There’s a Sherlock Holmes story written by Sir Arthur Conan Doyle, The Adventure of Silver Blaze, in which one of the key clues to solving the case is a dog that didn’t bark. That’s sort of where things stand with Venezuela, socialism, and our national media.

Last Friday NY Times Opinion writer Bret Stephens published a piece titled “Yes, Venezuela Is a Socialist Catastrophe.” Stephens’ point is that as Venezuela collapses, you frequently hear about a number of reasons for its decline but some still seem hesitant to pin the blame on socialism:

On Venezuela, what you’re likelier to read is that the crisis is the product of corruption, cronyism, populism, authoritarianism, resource-dependency, U.S. sanctions and trickery, even the residues of capitalism itself. Just don’t mention the S-word because, you know, it’s working really well in Denmark.

Curiously, that’s not how the Venezuelan regime’s admirers used to speak of “21st century socialism,” as it was dubbed by Hugo Chávez. The late Venezuelan president, said Britain’s Jeremy Corbyn, “showed us there is a different and a better way of doing things. It’s called socialism, it’s called social justice, and it’s something that Venezuela has made a big step toward.” Noam Chomsky was similarly enthusiastic when he praised Chávez in 2009. “What’s so exciting about at last visiting Venezuela,” the linguist said, is that “I can see how a better world is being created and can speak to the person who’s inspired it.”

But as Stephens points out, there’s really no question what caused the disaster in Venezuela. It was socialist over-spending followed by an attempt to keep the party going by printing money and price controls:

Government overspending created catastrophic deficits when oil prices plummeted. Worker co-ops wound up in the hands of incompetent and corrupt political cronies. The government responded to its budgetary problems by printing money, leading to inflation. Inflation led to price controls, leading to shortages. Shortages led to protests, leading to repression and the destruction of democracy. Thence to widespread starvation, critical medical shortages, an explosion in crime, and a refugee crisis to rival Syria’s.

All of this used to be obvious enough, but in the age of Alexandria Ocasio-Cortez it has to be explained all over again. Why does socialism never work? Because, as Margaret Thatcher explained, “eventually you run out of other people’s money.”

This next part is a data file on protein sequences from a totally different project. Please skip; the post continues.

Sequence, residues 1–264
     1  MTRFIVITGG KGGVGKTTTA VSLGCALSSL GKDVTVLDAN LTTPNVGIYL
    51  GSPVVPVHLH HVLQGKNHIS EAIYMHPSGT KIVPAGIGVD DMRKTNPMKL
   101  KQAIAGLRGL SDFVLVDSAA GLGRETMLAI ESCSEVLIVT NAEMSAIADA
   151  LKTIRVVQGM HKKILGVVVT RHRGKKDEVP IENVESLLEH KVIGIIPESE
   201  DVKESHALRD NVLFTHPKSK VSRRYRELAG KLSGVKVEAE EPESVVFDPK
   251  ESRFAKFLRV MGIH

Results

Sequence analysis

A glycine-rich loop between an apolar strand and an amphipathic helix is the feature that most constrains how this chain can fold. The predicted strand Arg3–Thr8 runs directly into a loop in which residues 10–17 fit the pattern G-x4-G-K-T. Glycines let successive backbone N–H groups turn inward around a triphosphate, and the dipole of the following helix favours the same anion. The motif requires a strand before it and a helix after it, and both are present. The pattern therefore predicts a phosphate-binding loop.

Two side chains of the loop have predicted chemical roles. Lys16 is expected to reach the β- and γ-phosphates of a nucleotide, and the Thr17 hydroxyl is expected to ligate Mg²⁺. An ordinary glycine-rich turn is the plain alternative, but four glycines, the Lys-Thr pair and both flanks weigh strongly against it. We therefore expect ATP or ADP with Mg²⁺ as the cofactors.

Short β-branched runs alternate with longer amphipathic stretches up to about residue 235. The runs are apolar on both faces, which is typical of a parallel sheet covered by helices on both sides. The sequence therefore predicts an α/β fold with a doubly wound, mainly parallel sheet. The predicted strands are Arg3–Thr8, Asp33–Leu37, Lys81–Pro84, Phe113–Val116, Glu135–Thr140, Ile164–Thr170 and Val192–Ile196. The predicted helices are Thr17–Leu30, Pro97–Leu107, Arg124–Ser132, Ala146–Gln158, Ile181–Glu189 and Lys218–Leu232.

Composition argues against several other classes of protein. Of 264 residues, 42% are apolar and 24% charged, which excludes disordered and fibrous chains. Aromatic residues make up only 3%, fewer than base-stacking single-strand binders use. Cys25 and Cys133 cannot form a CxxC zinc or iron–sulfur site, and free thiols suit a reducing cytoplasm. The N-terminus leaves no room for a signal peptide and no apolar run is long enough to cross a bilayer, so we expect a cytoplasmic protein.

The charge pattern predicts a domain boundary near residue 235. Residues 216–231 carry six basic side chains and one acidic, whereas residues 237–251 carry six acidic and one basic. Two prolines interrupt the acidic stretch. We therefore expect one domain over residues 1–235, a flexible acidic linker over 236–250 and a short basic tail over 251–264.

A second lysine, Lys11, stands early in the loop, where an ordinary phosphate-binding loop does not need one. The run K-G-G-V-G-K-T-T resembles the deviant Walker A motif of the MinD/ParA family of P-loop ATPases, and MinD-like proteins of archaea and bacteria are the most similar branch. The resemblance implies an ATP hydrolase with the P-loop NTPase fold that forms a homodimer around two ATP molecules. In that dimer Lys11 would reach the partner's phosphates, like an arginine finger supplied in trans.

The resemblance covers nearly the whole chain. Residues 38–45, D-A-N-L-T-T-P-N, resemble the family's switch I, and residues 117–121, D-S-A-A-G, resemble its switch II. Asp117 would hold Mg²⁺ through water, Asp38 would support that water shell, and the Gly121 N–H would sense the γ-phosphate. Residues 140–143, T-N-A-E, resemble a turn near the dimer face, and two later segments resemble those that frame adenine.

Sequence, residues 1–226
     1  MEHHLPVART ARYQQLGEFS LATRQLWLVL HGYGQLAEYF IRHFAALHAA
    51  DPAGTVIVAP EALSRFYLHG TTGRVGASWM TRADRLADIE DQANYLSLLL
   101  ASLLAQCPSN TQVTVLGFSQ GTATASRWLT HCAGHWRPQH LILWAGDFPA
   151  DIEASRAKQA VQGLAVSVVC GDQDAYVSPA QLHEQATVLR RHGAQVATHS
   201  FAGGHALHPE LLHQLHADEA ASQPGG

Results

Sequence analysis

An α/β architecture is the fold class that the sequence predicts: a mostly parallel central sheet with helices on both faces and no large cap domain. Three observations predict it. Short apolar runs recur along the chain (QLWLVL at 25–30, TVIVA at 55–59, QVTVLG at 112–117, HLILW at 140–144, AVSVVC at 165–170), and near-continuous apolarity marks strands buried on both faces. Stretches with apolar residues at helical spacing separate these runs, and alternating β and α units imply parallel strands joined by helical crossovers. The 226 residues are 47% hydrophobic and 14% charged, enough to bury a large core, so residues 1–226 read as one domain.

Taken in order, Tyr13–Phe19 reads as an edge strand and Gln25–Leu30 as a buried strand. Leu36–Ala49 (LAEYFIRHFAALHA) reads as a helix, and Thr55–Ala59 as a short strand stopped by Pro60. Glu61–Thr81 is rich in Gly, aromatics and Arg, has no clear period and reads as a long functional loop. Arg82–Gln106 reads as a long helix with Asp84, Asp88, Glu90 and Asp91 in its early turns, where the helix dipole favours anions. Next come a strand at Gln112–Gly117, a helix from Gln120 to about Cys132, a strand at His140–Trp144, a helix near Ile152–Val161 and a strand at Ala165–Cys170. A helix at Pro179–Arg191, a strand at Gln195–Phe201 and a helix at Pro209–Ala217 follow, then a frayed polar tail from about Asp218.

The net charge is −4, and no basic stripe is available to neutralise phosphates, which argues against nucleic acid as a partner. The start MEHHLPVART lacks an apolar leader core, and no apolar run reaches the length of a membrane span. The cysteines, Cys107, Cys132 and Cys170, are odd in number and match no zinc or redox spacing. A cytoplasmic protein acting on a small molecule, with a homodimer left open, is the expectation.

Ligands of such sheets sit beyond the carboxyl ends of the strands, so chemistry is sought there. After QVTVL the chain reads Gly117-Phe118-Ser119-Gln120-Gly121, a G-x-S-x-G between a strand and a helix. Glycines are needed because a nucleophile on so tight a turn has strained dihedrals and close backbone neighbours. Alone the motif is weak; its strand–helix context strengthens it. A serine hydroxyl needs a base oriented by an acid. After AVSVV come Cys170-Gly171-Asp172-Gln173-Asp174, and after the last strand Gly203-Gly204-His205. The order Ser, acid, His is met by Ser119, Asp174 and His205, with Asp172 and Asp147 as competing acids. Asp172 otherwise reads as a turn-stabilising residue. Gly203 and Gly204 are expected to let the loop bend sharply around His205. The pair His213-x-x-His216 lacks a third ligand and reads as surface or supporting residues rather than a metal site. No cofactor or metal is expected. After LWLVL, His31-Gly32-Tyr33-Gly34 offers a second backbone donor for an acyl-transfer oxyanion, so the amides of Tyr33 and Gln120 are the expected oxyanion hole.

And his last point is really the one that’s important for us, living here in the U.S. The only reason we don’t have video Alexandria Ocasio-Cortez praising Hugo Chavez (and him praising her in return) is that she’s too young to have been around for that. But even without that direct connection, why don’t we see anyone in the media pushing her to explain what went wrong with Democratic Socialism in Venezuela even as she’s pushing something very similar here at home?

On top of 22 trillion in debt we have now, AOC wants to spend tens of trillions more over the coming decade on the grounds that it’s the moral thing to do. That’s how you wind up with a wealthy country like Venezuela becoming a destitute one where people are fleeing by the millions to survive. But to date, AOC’s only statement on the crisis in Venezuela, if you can even call it a statement, has been a single retweet indicating a preference for a “negotiated settlement” and an end to sanctions.

It’s annoying that leftists like Corbyn and Chomsky rarely get called on their support for Venezuela in the past but it’s incredible that the new crop of Democratic Socialists in office aren’t even asked about their position on the subject while the country is falling apart before our eyes. Why doesn’t the media see the connection between what’s happening there and what some far-left figures want to happen here? Maybe there’s a perfectly logical way for AOC and Bernie Sanders to explain how their program would differ substantially from that of Chavez, but shouldn’t they at least be asked to explain? On this issue, our national media is like the dog that didn’t bark. What’s conspicuous at this moment is their silence.